THERE HAS BEEN a lot of talk recently about ATI’s ‘Grey Screen of Death’ and almost all of it is hysterically overblown. Let’s take a look at the problem in a bit more detail.
The short story is that a number of people have reported crashes with various ATI 5-series cards where the screen goes grey or striped in appearance. Some have gone to great lengths to quantify the problem, and a few threads have proposed solutions of varying effectiveness.
The GSoD in question is only on GDDR5 equipped 58xx and 57xx cards, and only on Windows 7. The problem first started when Microsoft put out an update to Win 7, although the exact patch and what it affected is not clear. One problem is that the GSoD problem is a specific problem, but there are other issues that may mimic the same fault, and striped screen crashes have been around for ages.
Talking to OEMs, AIBs and a few ATI people over the past couple of weeks, a few patterns became evident. First is that the number of affected cards is very small. The largest forum threads have hundreds of posts, but of those, only a few hundred cards seem to be affected.
As of a few weeks ago, there were 2 million-plus Evergreen (5xxx) cards shipped. If there are 1,000 GSoD affected cards out there, that means 0.05 percent are ‘bad’. If there are 10,000 cards – more than the number of posts about it in all the forums I’ve read combined – that means half a percent. To put things in perspective, normal cards have a return rate that is 10 time that number. Every AIB I talked to said the numbers were not high enough to be concerning, so they are, on average, very low.
We could not get a definitive answer from anyone, but piecing together bits, it looks like the problem has to do with GDDR5 changing power states or speeds. The good news is that this is not a card killing problem, it is just a crash problem. That might not be soothing to you if your card keeps crashing, but there is hope.
We have word that there are two fixes coming – one is a software hotfix, and the other is a GPU BIOS update. The patch should work by just downloading and installing it, and it will be rolled into the next driver update. SemiAccurate was not able to get a definitive date on this, or whether it will make the Catalyst 10.2 release, but it shouldn’t be long in coming. The BIOS fix will be loaded onto cards as soon as it is done, making all parts from that date ‘fixed’ in the firmware. There is no word if that BIOS will be released as a user upgrade.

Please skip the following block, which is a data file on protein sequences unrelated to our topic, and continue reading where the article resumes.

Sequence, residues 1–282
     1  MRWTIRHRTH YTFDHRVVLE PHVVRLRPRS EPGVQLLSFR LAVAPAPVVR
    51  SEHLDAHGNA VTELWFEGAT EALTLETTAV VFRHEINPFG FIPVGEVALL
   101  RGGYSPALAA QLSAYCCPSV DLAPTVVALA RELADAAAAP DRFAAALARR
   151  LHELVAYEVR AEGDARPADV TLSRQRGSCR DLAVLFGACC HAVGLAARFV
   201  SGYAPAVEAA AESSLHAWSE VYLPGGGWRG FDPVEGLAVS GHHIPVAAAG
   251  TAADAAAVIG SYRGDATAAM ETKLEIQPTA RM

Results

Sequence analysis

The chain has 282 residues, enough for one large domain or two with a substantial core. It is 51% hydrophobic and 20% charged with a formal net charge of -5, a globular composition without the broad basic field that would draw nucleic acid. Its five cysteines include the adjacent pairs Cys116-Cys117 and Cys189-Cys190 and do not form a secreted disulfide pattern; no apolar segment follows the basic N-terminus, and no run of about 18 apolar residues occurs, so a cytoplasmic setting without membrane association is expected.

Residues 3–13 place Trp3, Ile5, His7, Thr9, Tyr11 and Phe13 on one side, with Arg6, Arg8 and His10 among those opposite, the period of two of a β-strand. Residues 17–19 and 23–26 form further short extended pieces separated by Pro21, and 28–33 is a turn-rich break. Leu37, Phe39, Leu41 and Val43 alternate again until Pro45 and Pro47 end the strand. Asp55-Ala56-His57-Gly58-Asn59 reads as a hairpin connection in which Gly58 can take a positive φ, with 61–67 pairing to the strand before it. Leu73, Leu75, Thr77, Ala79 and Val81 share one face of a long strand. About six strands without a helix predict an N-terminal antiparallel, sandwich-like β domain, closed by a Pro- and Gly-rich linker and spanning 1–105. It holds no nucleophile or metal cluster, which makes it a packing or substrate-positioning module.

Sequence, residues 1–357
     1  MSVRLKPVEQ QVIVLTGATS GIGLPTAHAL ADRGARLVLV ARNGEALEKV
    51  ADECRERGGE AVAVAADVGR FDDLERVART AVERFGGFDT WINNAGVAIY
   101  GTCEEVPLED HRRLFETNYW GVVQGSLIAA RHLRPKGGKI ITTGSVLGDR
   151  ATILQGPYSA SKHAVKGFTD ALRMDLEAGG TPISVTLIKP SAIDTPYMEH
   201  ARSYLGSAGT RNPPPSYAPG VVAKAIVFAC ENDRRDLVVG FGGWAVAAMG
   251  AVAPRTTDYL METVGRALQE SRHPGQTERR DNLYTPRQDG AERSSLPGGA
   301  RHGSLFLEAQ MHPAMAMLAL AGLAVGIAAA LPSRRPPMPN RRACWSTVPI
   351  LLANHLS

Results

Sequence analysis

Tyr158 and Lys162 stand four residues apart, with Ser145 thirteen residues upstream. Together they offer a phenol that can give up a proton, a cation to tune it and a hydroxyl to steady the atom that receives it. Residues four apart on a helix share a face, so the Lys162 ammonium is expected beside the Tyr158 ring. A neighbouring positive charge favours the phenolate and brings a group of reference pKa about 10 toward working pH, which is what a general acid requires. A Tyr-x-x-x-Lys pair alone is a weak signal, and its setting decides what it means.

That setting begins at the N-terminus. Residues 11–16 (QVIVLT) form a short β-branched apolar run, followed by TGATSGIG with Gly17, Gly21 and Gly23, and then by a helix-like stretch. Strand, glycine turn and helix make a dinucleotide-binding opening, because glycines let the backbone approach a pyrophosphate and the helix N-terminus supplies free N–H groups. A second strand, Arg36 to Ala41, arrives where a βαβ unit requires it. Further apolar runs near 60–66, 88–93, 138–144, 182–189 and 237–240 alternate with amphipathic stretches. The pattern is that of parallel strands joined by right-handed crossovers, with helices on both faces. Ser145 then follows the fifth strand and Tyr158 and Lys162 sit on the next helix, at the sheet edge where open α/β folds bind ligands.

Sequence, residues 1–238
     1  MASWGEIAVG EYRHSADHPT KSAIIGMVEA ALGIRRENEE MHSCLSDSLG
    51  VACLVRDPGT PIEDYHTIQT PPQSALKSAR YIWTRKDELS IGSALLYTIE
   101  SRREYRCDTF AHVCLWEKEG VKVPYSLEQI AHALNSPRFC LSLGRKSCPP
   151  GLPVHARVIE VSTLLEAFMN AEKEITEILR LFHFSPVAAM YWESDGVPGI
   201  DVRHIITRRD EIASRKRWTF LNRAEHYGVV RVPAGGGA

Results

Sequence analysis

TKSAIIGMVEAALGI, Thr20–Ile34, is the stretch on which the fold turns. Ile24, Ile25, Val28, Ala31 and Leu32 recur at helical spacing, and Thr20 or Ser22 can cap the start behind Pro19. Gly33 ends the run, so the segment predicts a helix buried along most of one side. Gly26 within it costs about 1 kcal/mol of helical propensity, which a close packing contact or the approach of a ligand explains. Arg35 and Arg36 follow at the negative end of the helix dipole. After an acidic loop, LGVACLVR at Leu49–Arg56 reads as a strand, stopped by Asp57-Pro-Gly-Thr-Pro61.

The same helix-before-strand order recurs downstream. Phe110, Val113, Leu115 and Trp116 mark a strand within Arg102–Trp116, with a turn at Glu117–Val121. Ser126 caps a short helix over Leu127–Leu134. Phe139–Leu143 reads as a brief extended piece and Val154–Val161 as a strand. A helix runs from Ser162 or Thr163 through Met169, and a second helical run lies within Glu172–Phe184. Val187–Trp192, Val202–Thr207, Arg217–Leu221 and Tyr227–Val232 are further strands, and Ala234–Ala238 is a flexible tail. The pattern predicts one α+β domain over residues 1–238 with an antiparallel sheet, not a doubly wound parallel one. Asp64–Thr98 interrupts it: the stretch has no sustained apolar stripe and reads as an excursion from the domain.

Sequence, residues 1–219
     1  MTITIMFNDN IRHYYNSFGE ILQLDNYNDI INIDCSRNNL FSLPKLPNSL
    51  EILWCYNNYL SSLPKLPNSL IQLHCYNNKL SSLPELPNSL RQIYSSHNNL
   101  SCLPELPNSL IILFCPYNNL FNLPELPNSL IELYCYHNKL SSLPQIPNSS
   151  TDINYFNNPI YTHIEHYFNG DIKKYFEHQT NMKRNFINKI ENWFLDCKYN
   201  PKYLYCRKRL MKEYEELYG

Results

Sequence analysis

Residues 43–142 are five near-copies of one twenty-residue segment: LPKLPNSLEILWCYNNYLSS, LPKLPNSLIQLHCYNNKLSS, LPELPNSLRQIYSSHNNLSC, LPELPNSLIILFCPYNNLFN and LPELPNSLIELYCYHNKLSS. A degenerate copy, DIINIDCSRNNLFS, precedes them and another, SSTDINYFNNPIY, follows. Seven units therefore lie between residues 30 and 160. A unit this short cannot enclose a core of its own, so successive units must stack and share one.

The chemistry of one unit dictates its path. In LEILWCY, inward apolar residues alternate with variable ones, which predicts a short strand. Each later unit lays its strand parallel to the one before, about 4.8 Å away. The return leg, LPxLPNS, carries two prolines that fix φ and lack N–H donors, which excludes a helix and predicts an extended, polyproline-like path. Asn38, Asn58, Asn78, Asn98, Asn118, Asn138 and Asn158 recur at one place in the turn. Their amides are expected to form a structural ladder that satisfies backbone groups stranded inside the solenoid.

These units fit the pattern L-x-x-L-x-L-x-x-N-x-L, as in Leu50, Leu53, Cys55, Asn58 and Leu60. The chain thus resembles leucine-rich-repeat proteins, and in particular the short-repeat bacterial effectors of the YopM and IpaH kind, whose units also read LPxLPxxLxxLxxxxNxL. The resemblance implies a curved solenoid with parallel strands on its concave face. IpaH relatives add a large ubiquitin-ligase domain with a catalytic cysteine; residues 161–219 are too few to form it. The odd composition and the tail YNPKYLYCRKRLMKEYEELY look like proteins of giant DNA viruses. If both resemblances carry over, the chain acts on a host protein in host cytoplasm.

The workaround that people have proposed, upping voltages, disabling power savings, or nuking HDMI, all seem to be rather hit or miss. This is likely because they do not address the GDDR5 state change problem directly, just accidentally. What works for someone else might not work for you and your situation.
Short story, everyone tells me there is a fix coming really soon. ATI, unlike some other companies, is not trying to bury this problem. The aggregate numbers of cards affected is extremely small, far under one percent from what we hear. ATI’s 5-series GSoD’s have been turned into a feeding frenzy, mostly by people without technical understanding of what is going on, and by a few with an axe to grind.
The problem is specific to certain 58xx and 57xx cards and involves GDDR5 timings or state changes. It was brought on mainly by a change that Microsoft made deep within Windows 7, and it should be totally fixable with the impending patches. While it is annoying, it will be history very soon.S|A
Latest posts by Charlie Demerjian (see all)
- AMD talks Threadripper, Ryzen Mobile, and Ryzen Pro - May 22, 2017
- AMD calls Naples Epyc during Analyst Day - May 17, 2017
- Intel’s new Scalable Xeon branding is just a price increase - May 5, 2017
- Are consumer PCs safe from the Intel ME/AMT exploit? - May 3, 2017
- Remote security exploit in all 2008+ Intel platforms - May 1, 2017